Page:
Movie: The New Breed

"His goal(Williams)? To encourage a new generation of social entrepreneurs, create a movement of more conscious consumerism and to make the concept of social entrepreneurship globally known. "

I am looking forward to this film. It appears to have been thoroughly researched and produced with integrity. Flipping the switch from business being the problem to business being the solution will be the next great challenge for continued progress. 

https://www.forbes.com/sites/toriutley/2018/02/28/can-business-change-the-world-this-filmmaker-says-yes-through-social-entrepreneurship/ 

Turning Passion into Action

Turning passion into action isn't a new challenge for environmental protection efforts. However, as noted in the article currently we have significant enthusiasm among youth to be part of the solution. How this enthusiasm is channeled into change is the real challenge. Some individuals will pursue career paths that have a direct impact but there is also a major opportunity for everyone else as the author notes. This opportunity is to find incremental changes we can make in our daily lives. Each drop of savings collectively adding up to a sea of change.

Source: https://www.unenvironment.org/news-and-sto...

Via Green Biz: Here are the 3 hottest debates in sustainability reporting.

Ideally this information would be integrated into the current quarterly and annual reporting structures or timed accordingly. Sustainability and climate factors will increasingly need to be included in the risk factors for companies. Separating the reporting of the two can have unintended consequences as activities and partnerships are managed to avoid potential disclosure of non-public information. Finally, the data is out and it matters for the bottom line, it is material, now we need better measurement. Integration into the financial reporting would also serve to limit green washing. Time to shift the model to this is HOW we do business.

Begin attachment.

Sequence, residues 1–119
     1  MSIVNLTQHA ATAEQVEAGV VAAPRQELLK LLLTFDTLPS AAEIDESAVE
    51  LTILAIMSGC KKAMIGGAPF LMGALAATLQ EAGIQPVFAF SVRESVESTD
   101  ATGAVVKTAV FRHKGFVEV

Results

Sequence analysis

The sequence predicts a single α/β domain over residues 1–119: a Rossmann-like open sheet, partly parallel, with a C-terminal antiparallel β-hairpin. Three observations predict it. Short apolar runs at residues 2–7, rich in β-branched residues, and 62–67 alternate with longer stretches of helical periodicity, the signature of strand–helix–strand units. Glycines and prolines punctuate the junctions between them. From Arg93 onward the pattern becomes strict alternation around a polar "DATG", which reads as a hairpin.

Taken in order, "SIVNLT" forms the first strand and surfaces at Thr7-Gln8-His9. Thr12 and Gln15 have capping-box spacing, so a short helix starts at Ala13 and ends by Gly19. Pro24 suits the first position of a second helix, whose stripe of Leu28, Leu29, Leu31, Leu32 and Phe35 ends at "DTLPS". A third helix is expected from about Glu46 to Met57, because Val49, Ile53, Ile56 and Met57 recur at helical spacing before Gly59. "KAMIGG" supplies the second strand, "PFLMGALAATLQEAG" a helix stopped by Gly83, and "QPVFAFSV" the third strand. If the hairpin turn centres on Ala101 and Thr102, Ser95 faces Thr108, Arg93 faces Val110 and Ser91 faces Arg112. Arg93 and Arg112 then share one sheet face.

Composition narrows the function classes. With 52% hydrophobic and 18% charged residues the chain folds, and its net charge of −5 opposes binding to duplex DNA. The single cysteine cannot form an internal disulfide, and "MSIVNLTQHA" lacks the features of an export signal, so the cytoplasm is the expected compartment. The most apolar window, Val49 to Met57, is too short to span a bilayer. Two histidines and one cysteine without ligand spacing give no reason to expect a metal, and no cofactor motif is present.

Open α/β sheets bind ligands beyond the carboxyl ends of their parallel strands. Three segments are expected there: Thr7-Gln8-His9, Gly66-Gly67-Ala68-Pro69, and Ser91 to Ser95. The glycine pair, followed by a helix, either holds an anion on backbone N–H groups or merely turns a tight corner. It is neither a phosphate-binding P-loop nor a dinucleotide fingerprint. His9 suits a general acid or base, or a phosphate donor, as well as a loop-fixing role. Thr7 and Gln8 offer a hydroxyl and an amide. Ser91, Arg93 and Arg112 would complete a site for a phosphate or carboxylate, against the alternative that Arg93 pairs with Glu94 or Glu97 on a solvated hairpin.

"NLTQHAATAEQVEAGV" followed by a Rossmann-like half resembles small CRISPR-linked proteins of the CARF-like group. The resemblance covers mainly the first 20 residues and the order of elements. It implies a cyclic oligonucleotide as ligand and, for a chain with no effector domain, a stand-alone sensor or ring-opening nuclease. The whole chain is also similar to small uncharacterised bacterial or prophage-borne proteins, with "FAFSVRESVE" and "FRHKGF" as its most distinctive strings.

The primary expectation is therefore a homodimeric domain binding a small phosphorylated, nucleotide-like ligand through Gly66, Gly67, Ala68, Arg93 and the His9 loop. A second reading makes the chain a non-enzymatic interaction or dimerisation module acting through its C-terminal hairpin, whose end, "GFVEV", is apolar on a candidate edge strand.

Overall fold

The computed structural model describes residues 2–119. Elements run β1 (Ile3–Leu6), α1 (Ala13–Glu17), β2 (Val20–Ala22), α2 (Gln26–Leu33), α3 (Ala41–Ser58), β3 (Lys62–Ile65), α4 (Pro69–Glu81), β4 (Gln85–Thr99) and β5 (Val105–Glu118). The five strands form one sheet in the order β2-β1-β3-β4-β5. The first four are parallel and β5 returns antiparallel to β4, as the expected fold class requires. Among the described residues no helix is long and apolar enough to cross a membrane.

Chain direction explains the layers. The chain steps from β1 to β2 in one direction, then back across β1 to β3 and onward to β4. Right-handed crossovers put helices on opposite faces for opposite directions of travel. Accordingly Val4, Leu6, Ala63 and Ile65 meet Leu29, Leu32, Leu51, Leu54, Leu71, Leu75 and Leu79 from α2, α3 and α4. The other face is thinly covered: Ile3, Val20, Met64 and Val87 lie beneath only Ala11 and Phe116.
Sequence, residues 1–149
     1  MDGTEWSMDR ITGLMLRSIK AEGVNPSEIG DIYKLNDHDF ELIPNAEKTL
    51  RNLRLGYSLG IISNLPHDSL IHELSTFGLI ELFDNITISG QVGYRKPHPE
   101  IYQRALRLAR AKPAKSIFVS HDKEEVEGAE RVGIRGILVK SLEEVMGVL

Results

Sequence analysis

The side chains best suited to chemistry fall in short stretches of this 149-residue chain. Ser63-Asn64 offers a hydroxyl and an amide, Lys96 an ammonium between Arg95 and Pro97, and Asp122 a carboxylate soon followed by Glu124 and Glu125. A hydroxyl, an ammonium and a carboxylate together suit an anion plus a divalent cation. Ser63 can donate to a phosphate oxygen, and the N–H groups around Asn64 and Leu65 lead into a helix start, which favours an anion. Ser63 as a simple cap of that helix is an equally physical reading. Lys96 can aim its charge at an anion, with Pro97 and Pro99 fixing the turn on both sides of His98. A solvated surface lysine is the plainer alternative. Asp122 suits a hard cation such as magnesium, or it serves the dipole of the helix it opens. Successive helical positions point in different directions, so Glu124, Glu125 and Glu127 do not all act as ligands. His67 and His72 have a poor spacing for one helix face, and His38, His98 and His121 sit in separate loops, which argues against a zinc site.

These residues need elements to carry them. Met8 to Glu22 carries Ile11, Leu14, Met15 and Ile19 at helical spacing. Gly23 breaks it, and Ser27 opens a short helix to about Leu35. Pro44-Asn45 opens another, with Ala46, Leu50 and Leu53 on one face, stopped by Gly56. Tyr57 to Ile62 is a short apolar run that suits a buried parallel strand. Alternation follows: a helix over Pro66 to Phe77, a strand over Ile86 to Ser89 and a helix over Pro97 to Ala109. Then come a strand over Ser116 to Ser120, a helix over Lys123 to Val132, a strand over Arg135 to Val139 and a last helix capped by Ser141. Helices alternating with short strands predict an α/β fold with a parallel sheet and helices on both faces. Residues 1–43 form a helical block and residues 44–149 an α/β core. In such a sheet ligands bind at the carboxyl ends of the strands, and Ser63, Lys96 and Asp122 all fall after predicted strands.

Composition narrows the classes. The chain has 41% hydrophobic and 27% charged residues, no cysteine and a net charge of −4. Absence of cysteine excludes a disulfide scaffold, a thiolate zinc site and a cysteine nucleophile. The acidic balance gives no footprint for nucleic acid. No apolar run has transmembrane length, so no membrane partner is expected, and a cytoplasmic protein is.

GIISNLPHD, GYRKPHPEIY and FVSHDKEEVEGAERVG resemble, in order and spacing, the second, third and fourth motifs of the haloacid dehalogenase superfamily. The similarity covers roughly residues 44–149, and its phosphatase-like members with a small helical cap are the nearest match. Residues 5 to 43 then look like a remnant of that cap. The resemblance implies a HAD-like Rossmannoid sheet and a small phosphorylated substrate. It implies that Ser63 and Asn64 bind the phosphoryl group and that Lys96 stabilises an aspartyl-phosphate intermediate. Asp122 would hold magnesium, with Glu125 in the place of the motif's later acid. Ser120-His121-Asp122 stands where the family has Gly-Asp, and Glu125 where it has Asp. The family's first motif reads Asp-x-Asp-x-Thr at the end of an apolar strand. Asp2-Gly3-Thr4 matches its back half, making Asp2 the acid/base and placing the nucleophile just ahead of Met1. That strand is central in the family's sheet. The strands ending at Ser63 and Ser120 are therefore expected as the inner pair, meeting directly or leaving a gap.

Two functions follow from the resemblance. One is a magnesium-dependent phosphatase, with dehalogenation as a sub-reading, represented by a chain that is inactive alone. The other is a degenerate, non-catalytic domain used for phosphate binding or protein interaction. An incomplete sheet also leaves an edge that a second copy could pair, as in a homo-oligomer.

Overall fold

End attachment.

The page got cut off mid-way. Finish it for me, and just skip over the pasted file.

https://www.greenbiz.com/article/here-are-3-hottest-debates-sustainability-reporting 

Source: http://2018/2/24/via-green-biz-here-are-th...

We all own this one together.

Great article about extending sustainability initiatives throughout the company. Don't stop there, lets bring the thinking home too. From many little drops oceans are born.

 

https://hbr.org/2018/02/how-to-make-sustainability-every-employees-responsibility 

Via Forbes 8 Corporate Social Responsibility (CSR) Trends To Look For In 2018

Below is an overview, solid list of critical topics. Other highlights for me would be the development of the UN Sustainability Goals providing a clarified road-map and the ever increasing role of business in finding innovative solutions to existing and developing challenges with a mission driven approach. 

1. The beginning of the end of workplace harassment and inequality
2. Expanding the diversity conversation
3. Focused and forward-thinking brand activism
4. A shift from disaster recovery to climate resilience
5. More CSR in the C-Suite

Source: https://www.forbes.com/sites/susanmcpherso...

Convergence of sustainability and profitability gets Wall Street's attention.

The benefits of millennial recruitment are well documented, risk management is a non-negotiable, so when does sustainability become the "HOW" as in, this is how we do it. What is the WHY that gives that HOW its bedrock foundation? Profit. Unavoidable as breath. However, continued success can only be achieved through balance among stakeholders, built upon sustainable management systems for food, energy and water with a proper accounting and associated cost for what we consume. 

 

 

Source: https://www.barrons.com/articles/barrons-1...